PHOTOGRAPHER JOSEPH HARTMAN IS DRAWN TO HAMILTON’S “GRITTY PERSONALITY”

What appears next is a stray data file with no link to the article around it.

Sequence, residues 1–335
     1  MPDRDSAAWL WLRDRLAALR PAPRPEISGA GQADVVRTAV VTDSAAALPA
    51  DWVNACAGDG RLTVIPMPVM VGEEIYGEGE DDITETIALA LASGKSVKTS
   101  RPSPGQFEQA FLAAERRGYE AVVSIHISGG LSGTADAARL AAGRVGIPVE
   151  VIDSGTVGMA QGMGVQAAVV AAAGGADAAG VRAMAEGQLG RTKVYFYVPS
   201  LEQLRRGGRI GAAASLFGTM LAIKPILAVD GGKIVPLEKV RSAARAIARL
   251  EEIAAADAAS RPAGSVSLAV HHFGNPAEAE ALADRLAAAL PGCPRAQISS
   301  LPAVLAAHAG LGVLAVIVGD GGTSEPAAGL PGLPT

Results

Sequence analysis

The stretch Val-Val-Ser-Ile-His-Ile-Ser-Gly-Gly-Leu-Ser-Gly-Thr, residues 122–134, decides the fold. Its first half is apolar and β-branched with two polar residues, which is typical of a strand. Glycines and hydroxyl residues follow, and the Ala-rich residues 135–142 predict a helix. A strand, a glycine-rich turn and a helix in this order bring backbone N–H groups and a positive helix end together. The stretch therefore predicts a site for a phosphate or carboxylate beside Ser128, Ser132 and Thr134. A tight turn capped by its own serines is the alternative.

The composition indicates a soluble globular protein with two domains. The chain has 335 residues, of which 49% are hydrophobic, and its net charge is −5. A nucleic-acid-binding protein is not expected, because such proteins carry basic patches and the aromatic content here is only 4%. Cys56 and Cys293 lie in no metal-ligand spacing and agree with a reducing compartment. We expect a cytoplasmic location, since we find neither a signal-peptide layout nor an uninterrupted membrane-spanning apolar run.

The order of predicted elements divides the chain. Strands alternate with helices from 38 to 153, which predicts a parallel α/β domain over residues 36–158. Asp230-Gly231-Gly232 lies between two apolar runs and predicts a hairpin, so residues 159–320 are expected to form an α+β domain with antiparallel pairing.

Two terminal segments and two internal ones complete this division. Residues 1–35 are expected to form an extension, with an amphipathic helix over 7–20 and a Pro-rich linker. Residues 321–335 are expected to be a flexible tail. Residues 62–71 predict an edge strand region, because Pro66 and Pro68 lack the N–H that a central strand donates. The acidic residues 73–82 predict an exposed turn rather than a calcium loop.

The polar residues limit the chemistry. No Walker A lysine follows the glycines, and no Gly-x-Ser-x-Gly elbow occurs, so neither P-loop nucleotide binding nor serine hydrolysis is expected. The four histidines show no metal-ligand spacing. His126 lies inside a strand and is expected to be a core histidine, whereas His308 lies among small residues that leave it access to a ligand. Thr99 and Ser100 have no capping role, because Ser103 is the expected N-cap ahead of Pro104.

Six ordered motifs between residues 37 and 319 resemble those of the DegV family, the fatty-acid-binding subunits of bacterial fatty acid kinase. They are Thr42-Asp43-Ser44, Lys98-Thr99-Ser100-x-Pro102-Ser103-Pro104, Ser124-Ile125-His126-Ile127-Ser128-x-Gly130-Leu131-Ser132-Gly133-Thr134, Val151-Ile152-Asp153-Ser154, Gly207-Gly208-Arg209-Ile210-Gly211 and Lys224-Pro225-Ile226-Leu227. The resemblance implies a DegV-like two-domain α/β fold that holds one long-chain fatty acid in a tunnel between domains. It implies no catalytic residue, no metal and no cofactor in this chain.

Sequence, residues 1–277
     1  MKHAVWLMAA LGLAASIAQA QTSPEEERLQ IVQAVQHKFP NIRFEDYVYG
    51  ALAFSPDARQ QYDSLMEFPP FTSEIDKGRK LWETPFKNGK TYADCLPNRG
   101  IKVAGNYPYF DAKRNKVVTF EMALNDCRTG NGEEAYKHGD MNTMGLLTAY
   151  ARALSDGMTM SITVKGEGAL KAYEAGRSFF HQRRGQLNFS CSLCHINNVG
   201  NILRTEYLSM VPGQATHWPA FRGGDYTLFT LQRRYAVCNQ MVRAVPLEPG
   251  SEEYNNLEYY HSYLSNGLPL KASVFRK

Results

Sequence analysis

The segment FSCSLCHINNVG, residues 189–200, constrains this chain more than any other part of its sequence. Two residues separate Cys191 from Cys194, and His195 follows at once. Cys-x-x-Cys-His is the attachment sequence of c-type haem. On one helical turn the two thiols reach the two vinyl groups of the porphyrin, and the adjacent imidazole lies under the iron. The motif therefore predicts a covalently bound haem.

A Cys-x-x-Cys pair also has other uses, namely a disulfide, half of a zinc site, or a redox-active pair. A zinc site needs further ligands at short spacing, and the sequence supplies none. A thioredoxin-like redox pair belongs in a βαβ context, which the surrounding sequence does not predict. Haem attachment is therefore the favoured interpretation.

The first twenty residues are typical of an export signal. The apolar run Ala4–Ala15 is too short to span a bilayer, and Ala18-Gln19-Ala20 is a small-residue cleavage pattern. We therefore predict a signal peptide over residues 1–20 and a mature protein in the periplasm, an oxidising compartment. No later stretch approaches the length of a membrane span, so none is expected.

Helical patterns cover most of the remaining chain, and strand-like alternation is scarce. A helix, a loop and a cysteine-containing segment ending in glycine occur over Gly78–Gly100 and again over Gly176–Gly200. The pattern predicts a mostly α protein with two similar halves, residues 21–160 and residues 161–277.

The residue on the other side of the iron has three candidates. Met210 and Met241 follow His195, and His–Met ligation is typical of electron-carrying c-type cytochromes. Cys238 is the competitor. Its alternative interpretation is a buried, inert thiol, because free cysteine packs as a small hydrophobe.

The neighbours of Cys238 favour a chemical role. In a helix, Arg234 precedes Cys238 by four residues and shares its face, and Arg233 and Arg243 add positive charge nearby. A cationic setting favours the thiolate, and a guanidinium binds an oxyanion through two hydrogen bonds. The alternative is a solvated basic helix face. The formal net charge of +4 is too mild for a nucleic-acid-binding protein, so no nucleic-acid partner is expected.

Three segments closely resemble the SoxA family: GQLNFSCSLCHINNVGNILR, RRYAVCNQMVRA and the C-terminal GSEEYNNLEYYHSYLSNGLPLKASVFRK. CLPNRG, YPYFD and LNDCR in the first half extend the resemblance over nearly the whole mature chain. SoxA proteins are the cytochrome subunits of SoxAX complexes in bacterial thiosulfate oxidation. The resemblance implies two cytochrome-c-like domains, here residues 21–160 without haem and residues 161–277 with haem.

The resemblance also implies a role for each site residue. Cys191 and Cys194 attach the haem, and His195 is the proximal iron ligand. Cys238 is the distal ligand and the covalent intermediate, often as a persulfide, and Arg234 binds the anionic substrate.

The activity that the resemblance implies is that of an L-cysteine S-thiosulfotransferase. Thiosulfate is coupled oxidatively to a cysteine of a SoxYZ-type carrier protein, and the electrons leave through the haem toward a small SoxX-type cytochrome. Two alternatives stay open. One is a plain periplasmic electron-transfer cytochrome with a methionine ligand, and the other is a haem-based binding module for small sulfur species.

HAMILTON (known in some circles as The Hammer) is Canada’s steeltown – a city of factories and smoke-laden skylines – roughly 40 miles (65 kilometres) southwest of TORONTO. With a population of about 500,000, Greater Hamilton boasts one of the country’s top universities, a growing arts community, one daily newspaper, a major medical centre, a botanic garden, television station and fine art gallery.  <PHOTO ABOVE – Hamilton from Devil’s Punch Bowl/2009>JOSEPH HARTMAN, a Hamilton resident, has spent 7 years photographing his city’s East End, a cross-section of working class neighbourhoods and the surrounding landscape. With globalization, times are tough these days – marked by desolate downtown streets and the increase of low end stores. The citizenry waits for a rebirth as heavy industry slowly, but surely, leaves town.  <PHOTO ABOVE – Joseph Hartman by Scott Gardner, Hamilton Spectator>“Hamilton isn’t a perfect sort of idyllic kind of place, but there is a beauty which I think is quite unique. There’s a lot of resilience in Hamilton. There’s this sort of gritty personality and I mean that in a good way,” Hartman says.  “I love that Hamilton’s not trying to pretend to be something else. Hamilton’s happy with what it is.”<PHOTOS ABOVE – Gage Park/2008; Feast/2010; Canada Street/2010; Hughson Street/2011; Hamilton From Above Sherman Avenue/2011>

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